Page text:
49. 49. Probabilistic reliability criteria Determine for each point of time, after the given duration of operation (mission): the safety factors and other reliability criteria for the characteristics that determine the performance, reliability, durability and safety of the system, the probability of non-failure, P (t), for the established (accepted) safety factor, at each point of time, and the mean time-to-failure, MTTF, for the established (accepted) safety factor, standard deviation, STD, of the time-to-failure and safety factor SF=MTTF/STD for the time-to-failure.Dr. E. Suhir Page 104
  50. 50. 8. Twelve steps to be conducted to add value to the existing practice “The man who removes a mountain begins by carrying away small stones” Chinese saying “Give me a fruitful error any time, full of seeds, bursting with its own corrections. You can keep your sterile truth for yourself” Vilfredo Pareto, Italian engineer, sociologist, and economistDr. E. Suhir Page 105
  51. 51. Some important preliminary steps Establish, as the manufacturer of a particular product, the list of possible failures and suitable failure criteria, as far as the functional, mechanical (physical) and environmental failures are concerned. Find out the similar requirements that the customer specifies (desires) regarding lifetimes (minimum and mean time to failure), failure rates (considering, for a particular product, if necessary, the wear-out portion of the bath-tub curve), probability of failure (for non-reparable products), availability specifications, etc. Identify active and passive parts, reparable and non-reparable parts, the most vulnerable (least reliably) parts (e.g., solder joint interconnections, materials prone to creep or aging, etc.), the feasibility of introducing redundancy, etc. As a customer, evaluate the ability of a particular manufacturer, to make parts with consistent quality, and, as a manufacturer, establish your company’s ability to produce such parts.Dr. E. Suhir Page 106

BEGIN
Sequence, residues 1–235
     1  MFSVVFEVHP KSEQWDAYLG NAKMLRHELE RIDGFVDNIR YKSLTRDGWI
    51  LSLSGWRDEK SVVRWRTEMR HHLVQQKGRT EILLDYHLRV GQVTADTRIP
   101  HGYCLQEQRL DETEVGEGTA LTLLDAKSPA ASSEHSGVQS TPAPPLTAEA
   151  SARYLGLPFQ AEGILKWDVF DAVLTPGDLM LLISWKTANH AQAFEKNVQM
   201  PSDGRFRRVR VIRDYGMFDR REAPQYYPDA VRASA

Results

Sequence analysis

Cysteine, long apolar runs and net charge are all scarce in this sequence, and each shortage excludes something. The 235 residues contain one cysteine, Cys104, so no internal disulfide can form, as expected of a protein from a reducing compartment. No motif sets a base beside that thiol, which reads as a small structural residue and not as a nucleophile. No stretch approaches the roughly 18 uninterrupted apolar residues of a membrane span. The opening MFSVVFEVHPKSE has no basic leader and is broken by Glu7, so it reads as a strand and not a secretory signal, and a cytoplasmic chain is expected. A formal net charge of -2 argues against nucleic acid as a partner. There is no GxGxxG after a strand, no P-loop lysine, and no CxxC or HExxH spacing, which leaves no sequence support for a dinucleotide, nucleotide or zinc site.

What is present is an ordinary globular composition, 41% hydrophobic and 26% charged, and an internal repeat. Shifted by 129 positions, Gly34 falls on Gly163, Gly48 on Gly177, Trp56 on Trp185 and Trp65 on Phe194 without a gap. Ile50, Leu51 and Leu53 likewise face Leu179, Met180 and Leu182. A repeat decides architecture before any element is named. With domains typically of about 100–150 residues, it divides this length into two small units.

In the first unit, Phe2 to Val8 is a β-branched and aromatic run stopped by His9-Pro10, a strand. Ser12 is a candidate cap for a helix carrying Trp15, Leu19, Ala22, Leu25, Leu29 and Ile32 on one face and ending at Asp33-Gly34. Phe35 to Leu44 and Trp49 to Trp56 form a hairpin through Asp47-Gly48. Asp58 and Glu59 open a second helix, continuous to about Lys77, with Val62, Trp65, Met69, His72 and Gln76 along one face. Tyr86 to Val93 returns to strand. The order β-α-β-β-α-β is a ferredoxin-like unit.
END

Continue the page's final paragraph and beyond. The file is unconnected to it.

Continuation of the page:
52. 52. Twelve steps to be conducted to add value to the existing practice-11) Develop a detailed list of possible electrical, mechanical (structural), thermal, and environmental failures that should be considered, in one way or another, in the particular design (package, invertor, module, structure, etc.) 2) Make, based on the existing experience and best practices, the preliminary decision on the materials and geometries in the physical design and packaging of the product and its units/subunits/assemblies3) Conduct predictive modeling (using FEA or other simulation packages, as well as analytical/"mathematical" wherever possible) of the stresses and other failure criteria (say, elevated temperatures or electrical characteristics), considering steady state and transient thermal, stress/strain and electrical fields4)Consider possible loading in actual use conditions (electrical, thermal, mechanical, dynamic, as well as their combinations) and distinguish between short-term high- level loading (related to the ultimate strength of the structure) and long-term low-level loading (related to the fatigue strength of the structure)Dr. E. Suhir Page 107